When preparing a business appraisal for a business, financial statements, tax returns, leases and operating agreements are often reviewed and utilized. Such information is useful in deriving an opinion of value, but often only provides a narrow and incomplete picture of the business. As most business owners will tell you, there is more to their company than just the numbers.
One of the best opportunities to get insight into a company is through a management interview and a site visit. In some circumstances, the interview and site visit may be difficult to schedule. For example, management may be reluctant to meet with the appraiser and may not be forthcoming with information in a litigation setting. The appraiser should always exercise a degree of professional skepticism and examine financial and nonfinancial data to support or refute positions. The appraiser needs to exercise care and recognize that the individuals who are being interviewed may be biased and providing false or incomplete information.
Clearly, visiting the site and meeting with management provides the opportunity for the appraiser to “kick the tires” of the business. As an example, we were in the process of appraising a business that was located a few hours south of us. The purpose of the appraisal was for a divorce. During discussions with management, they painted a picture of financial despair and that they recently had to move due to the need to downsize. When mentioning the desire for a site visit, the owner aggressively tried to talk us out of making the trip. Fast forward to the drive down to the business… we passed the old location, which was a dilapidated building, and continued down the road. Our directions took us to a new industrial park, with the street named after the business. The building was much larger than their previous location. When parking, we noticed a reserved parking spot with a name that we did not recognize. When we walked around the facility, we noted that there was a lot of excess capacity, with empty racks, and spots designated for new equipment. During the tour, we asked about the name on the reserved parking spot. The parking spot was for a new salesman, who was deemed to be the industry guru and just recently joined the company from their largest competitor. Certainly, the site visit was providing much more information than what management was providing over the phone. Although they had suffered some financial hardship, the company was positioning itself for aggressive growth and had plans to expand operations.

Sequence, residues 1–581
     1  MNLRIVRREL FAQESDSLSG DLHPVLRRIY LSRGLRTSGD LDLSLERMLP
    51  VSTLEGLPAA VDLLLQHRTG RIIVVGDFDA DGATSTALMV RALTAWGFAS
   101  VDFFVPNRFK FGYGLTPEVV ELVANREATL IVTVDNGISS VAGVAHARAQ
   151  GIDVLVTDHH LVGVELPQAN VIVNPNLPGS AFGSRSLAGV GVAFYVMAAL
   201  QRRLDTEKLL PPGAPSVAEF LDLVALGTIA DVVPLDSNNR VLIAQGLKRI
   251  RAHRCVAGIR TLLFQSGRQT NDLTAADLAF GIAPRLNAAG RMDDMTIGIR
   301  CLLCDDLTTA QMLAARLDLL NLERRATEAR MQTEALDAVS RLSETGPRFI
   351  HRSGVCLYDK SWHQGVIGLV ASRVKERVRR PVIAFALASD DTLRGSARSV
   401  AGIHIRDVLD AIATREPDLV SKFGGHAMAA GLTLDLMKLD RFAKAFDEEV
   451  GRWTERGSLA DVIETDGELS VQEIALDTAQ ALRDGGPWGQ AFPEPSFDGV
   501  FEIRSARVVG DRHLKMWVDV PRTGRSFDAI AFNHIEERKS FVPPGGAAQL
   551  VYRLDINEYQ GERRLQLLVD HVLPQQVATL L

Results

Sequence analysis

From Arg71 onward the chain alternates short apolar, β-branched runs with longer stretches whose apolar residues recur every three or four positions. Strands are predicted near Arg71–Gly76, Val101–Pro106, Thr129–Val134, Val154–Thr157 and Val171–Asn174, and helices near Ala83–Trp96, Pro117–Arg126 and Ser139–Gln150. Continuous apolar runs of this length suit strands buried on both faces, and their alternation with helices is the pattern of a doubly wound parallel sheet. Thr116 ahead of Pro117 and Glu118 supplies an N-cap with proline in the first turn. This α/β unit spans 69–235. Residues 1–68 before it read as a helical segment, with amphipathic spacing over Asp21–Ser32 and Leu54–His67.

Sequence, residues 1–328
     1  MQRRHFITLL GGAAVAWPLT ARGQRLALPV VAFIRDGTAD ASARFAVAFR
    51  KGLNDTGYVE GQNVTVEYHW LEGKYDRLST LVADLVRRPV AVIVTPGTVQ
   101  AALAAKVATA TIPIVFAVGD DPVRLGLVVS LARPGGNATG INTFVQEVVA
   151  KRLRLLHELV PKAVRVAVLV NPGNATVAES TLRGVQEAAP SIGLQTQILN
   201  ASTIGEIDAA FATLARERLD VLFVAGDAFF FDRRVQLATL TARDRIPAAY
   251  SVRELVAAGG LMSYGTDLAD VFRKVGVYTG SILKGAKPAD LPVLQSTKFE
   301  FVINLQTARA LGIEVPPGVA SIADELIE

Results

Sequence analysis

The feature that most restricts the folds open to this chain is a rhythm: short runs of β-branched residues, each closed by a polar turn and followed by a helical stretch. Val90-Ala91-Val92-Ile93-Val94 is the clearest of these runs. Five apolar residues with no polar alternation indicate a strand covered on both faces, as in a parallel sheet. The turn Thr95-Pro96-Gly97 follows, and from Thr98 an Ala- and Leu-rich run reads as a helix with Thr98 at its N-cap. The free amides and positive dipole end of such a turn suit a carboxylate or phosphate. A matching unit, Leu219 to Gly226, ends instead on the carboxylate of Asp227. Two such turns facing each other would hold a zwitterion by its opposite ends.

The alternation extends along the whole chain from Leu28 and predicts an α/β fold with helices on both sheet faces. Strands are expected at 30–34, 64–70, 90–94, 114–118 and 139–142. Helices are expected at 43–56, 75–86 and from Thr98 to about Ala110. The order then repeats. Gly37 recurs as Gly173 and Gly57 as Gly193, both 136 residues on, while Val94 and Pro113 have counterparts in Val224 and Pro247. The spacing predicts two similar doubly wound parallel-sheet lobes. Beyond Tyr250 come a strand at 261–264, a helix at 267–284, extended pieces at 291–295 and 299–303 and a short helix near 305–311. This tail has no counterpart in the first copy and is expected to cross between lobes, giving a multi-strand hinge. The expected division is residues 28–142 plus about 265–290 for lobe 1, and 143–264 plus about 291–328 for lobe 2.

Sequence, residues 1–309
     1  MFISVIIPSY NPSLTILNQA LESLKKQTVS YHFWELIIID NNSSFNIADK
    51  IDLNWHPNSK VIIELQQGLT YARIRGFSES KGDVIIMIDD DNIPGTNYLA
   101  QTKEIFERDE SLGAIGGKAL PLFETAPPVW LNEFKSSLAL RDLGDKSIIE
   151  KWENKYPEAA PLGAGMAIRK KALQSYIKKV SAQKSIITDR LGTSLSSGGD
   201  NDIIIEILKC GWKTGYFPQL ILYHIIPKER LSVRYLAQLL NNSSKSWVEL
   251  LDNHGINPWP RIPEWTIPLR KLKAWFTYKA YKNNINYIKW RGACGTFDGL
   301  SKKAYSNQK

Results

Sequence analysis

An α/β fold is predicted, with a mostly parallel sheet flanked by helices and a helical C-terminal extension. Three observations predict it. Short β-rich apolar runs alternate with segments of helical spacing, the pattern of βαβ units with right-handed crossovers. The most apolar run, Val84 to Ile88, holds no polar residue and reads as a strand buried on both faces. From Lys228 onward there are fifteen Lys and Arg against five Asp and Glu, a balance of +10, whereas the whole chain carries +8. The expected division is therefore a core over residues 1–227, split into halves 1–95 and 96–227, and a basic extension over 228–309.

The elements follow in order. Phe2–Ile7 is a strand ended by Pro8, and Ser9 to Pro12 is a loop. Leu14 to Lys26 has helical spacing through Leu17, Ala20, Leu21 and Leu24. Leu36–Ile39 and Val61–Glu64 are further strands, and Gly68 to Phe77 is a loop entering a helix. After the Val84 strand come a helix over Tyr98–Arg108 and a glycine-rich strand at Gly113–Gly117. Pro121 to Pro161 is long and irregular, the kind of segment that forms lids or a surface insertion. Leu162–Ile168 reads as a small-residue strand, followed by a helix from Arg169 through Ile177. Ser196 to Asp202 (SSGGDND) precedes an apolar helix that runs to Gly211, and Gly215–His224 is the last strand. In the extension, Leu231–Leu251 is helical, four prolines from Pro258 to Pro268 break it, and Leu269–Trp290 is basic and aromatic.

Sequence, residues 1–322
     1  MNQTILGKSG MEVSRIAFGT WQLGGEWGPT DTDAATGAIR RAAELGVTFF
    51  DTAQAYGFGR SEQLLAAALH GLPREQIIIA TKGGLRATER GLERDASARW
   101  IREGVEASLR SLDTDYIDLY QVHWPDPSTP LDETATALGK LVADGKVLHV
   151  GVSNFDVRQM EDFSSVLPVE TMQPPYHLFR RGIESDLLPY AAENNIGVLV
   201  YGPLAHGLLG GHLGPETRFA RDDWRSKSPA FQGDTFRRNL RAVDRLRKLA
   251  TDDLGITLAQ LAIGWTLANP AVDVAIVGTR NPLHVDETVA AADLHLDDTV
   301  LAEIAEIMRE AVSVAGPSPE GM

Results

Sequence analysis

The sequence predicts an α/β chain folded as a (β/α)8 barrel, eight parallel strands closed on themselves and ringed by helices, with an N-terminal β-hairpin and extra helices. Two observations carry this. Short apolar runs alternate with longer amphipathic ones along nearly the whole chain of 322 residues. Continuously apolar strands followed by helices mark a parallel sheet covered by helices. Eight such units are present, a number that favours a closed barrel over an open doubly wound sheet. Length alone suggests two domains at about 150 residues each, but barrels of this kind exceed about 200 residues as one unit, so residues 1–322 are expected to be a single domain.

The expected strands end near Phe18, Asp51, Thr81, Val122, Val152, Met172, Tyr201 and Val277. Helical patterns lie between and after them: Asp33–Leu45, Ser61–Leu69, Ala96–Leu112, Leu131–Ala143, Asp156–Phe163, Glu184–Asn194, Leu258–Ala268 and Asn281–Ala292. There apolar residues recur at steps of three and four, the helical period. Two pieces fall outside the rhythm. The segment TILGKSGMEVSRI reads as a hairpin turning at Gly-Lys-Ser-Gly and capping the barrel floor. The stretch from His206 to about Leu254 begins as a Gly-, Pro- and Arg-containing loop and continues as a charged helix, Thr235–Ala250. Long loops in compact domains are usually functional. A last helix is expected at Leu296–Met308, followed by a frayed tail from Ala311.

Some of the information that can be obtained from interviews includes:
- Does the company have adequate management depth;
- Does the continued success of the company depend on any key personnel;
- Are there plans to grow operations through acquisition or capital investment; and
- Does the company have competitive advantages or disadvantages;
- Does the company have excess capacity, or are there limitations to growth based upon their facility;
- Does the company seem busy and productive;
- Are there problems within the facility (and equipment) that may warrant future improvements/costs?
Site visits and management interviews are in important aspect of the valuation process. It provides the appraiser with an opportunity to understand aspects of the business that are not reflected in the numbers.